US Capitol building

Another federal government shutdown appears imminent as lawmakers reportedly remain deadlocked along partisan lines on an agreement to extend funding ahead of a 12:00 a.m. October 1, 2023 deadline. A government shutdown—which would be the first since a 35-day shutdown that lasted from December 22, 2018, to January 25, 2019—would result in tens of thousands of federal employees being furloughed and would bring federal agencies charged with enforcing federal labor and employment laws to a standstill.

Quick Hits

  • President Biden must sign funding legislation by 12:00 a.m. October 1, 2023, to avoid a federal government shutdown.
  • A shutdown would result in tens of thousands of federal government workers being furloughed and halt activities by several federal labor and employment agencies.

Several federal departments and agencies, including the U.S. Department of Labor (DOL), the U.S. Equal Employment Opportunity Commission (EEOC), and the National Labor Relations Board (NLRB), have recently updated their contingency plans for continued operations in the event of a lapse of appropriation. Here is a breakdown of those plans.

U.S. Department of Labor

The DOL would only retain less than a third of its more than 15,000 workers, hampering the DOL’s agencies from continuing their missions. According to the DOL’s contingency plan, the department would stop many activities aside from “monitor[ing] and respond[ing] to imminent threats to human life, child labor investigations,” and processing disaster grant applications.

With a lapse in appropriation, several agencies within the DOL would completely cease operations, including the Bureau of Labor Statistics (BLS) and the Office of Federal Contract Compliance Programs (OFCCP). Further, the contingency plan states that “all worker protection agency investigations [would] cease unless they involve responding to or preventing fatalities, catastrophes, or imminent danger.”

The shutdown will also impact workplace safety inspections and investigations. According to the contingency plan, the DOL’s Occupational Safety and Health Administration (OSHA) would retain only a little over half of its approximately 2,100 employees and the agency would not be able to carry out any programmed inspections and will suspend most of its compliance assistance, outreach, training, and regulatory activities. Still, the plan states that OSHA would continue inspections regarding imminent workplace dangers and investigations of workplace fatalities and catastrophes. It would further continue enforcement activities related to open cases facing six-month statutory deadlines “where those cases establish employees are potentially exposed to hazardous conditions that present a high risk of death or serious physical harm with the potential to cause death.” The Mine Safety and Health Administration (MSHA) would continue “[i]nvestigations of targeted mines, specific hazards, accidents[,] and miners’ safety complaints” and would “continue to conduct regular mandated inspections.”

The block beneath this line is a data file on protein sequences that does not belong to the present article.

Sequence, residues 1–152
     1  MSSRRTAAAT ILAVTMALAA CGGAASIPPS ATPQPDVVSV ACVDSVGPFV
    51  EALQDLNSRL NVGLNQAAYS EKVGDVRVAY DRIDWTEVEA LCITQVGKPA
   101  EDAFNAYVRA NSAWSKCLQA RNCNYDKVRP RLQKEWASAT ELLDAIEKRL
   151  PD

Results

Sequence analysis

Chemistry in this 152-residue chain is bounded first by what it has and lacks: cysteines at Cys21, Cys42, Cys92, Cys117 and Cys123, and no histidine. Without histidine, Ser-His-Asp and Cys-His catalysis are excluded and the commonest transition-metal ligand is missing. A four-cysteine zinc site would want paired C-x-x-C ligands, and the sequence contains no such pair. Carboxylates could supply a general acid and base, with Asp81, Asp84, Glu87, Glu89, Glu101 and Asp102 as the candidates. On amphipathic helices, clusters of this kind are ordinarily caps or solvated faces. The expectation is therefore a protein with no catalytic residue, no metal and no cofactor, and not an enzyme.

U.S. Equal Employment Opportunity Commission

In the case of a shutdown, the EEOC would retain no more than 124 employees out of its nearly 2,500 employees who are necessary to preserve essential functions of the agency. In particular, the EEOC’s contingency plan states that the agency would “devote time to preserving the rights of potential charging parties to timely file a charge of employment discrimination.” To that end, the agency would retain some employees needed to “monitor incoming communications concerning pending litigation; to review new charges in order to seek emergency judicial relief as authorized by statute or procedural rules; and/or to comply with litigation responsibilities and obligations under court orders where extensions and stays have not been granted.” However, delays in processing and investigating complaints would be expected as only a bare-bones staff would be retained during a shutdown.

National Labor Relations Board

According to the NLRB’s contingency plan, the agency would lose nearly all of its approximately 1,200 employees and it would discontinue both its case handling and outreach and public affairs activities. This would impact the Board’s ability to administer union representation petitions and elections, respond to unfair labor practice charges, issue Administrative Law Judge and Board decisions, resolve collective bargaining or protected concerted activity disputes, and enforce ordered remedial actions.

Ogletree Deakins will continue to monitor developments and will provide updates on the Employment Law and Government Affairs blogs.

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